Occupy the Rose Parade: Working Through the Next Stage of the Occupy Movement
Today, after the floats and the marching bands and Grand Marshals and all the other pomp and circumstance crosses Colorado Avenue in Pasadena, California, marking the end of another Tournament of Roses Parade, over 1,000 activists will stage their own march. The protesters even have their own floats, including a massive 250-foot rendering of the Constitution of the United States and a 70-foot octopus made out of plastic bags symbolizing the predatory nature of the financial industry and the tentacles they use to strangle the nation’s economy taking the riches for themselves. At the end 99 activists representing the 99% will carry one member sitting on a throne, representing the 1%.
The alternative march, known as Occupy the Rose Parade, will happen in full view of the attendees in the stands who will be asked to remain seated as the protesters promenade down the avenue. It’s part of a larger movement featuring remnants of the core of several Southern California occupations as well as disaffected activists, all struggling to figure out how to advance what burst onto the scene this fall and best achieve meaningful political and social change.
As Lisa Derrick mentioned, Occupy the Rose Parade exists on a continuum with a long tradition of Rose Parade marches and protests. In the 1990s the mayor of Pasadena actually wore a “Tournament of Racists Parade” T-shirt down the parade route to protest the lack of ethnic diversity on display. In recent years AIDS activists, Native Americans and antiwar protesters have held sit-ins and marches at the nation’s most prominent New Year’s Day parade (held on January 2 this year). In 2008 Los Angeles lawyer, activist and former state Assembly candidate Peter Thottam led 440 activists in a “White Rose” protest after the parade, calling for the impeachment of President Bush. In fact, that event led him and other activists to create Occupy the Rose Parade. Thottam, one of the loose coalition of organizers of the event who have been planning it since early October, expects “at least 1,000” and perhaps as many as 4,000 protesters on the scene from all over the region. A listserv for information about the event has hundreds of activists on it.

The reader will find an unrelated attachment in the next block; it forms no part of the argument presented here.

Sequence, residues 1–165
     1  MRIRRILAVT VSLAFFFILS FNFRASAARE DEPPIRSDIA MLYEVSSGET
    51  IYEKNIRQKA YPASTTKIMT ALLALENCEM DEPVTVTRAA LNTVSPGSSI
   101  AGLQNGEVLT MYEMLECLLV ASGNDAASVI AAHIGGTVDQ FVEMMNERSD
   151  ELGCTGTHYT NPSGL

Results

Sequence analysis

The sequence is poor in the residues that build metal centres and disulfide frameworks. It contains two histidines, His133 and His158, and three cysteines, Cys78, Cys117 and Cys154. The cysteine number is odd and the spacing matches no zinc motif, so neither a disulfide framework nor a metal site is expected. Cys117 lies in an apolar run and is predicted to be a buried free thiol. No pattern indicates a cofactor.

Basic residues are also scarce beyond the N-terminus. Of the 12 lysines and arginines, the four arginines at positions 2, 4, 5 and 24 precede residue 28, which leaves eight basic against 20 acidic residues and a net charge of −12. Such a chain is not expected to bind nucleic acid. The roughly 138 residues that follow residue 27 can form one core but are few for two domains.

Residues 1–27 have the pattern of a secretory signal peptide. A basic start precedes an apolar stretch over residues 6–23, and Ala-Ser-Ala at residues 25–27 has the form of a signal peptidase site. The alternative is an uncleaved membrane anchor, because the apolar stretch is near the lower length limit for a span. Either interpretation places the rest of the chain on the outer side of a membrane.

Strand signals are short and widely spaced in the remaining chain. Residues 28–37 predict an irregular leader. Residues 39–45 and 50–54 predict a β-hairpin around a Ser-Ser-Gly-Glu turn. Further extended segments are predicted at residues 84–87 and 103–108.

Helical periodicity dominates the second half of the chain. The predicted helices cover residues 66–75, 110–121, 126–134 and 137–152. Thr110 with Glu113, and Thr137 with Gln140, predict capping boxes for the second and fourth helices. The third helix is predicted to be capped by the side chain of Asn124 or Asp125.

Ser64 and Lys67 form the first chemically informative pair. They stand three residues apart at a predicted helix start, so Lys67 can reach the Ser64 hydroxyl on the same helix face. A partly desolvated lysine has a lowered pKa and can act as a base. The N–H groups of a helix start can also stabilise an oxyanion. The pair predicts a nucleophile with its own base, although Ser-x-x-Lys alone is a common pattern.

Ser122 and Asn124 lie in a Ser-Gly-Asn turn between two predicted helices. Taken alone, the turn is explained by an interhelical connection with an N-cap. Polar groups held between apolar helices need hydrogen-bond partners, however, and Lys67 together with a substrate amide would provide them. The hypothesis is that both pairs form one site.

The Tournament of Roses Parade committee has authorized the protest which will occur after the floats have passed and local police sweep the route, but before the crowd is released from the bleacher seating. “The city and the Rose Parade organizers have been fully supportive,” said Daniel Niswander, who led an educational “summit” for the community on New Year’s Day at the progressive All Saints Church, another OTRP-sponsored event.
This doesn’t mean that anyone outside the people physically at the parade will see the march. Typically post-parade marchers never hit the airwaves, as the broadcasts cut off their productions once the floats pass. The fact that the giant Constitution, which activists are calling “the 44th float” (there are 43 Rose Parade floats this year) will be the first part of the OTRP event, this has led some organizers to hope they will break through. “If Middle America gets to see that, they will have a different image of the Occupy movement,” Niswander said. “But we’ll see – traditionally they cut it off.”
Others predicted that the sound and fury will signify little. Bonnie, a member of the local Occupy Pasadena chapter (which has not given their endorsement of the OTRP event), said that “the city is well-prepared” for such after-the-parade disruptions, typically made up of religious apocalyptic types or other protesters, and they know how to control them. By giving the Occupiers a fig leaf of access, organizers can have a successful parade without disruptions, and not alienate their corporate sponsors.